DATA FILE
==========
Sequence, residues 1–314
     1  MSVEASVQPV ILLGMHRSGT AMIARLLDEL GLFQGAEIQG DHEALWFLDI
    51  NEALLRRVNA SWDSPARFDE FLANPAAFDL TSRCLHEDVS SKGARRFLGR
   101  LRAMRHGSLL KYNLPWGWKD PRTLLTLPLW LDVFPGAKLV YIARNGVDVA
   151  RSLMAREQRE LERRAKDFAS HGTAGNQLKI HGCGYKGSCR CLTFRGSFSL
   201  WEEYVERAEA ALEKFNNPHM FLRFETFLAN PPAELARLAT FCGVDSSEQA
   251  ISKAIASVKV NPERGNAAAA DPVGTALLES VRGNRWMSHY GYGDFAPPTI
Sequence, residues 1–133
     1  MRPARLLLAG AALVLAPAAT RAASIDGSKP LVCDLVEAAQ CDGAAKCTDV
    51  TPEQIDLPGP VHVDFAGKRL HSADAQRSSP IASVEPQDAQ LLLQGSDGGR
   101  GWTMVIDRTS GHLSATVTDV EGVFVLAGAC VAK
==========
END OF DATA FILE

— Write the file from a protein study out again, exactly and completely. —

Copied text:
Sequence, residues 1–314
     1  MSVEASVQPV ILLGMHRSGT AMIARLLDEL GLFQGAEIQG DHEALWFLDI
    51  NEALLRRVNA SWDSPARFDE FLANPAAFDL TSRCLHEDVS SKGARRFLGR
   101  LRAMRHGSLL KYNLPWGWKD PRTLLTLPLW LDVFPGAKLV YIARNGVDVA
   151  RSLMAREQRE LERRAKDFAS HGTAGNQLKI HGCGYKGSCR CLTFRGSFSL
   201  WEEYVERAEA ALEKFNNPHM FLRFETFLAN PPAELARLAT FCGVDSSEQA
   251  ISKAIASVKV NPERGNAAAA DPVGTALLES VRGNRWMSHY GYGDFAPPTI
Sequence, residues 1–133
     1  MRPARLLLAG AALVLAPAAT RAASIDGSKP LVCDLVEAAQ CDGAAKCTDV
    51  TPEQIDLPGP VHVDFAGKRL HSADAQRSSP IASVEPQDAQ LLLQGSDGGR
   101  GWTMVIDRTS GHLSATVTDV EGVFVLAGAC VAK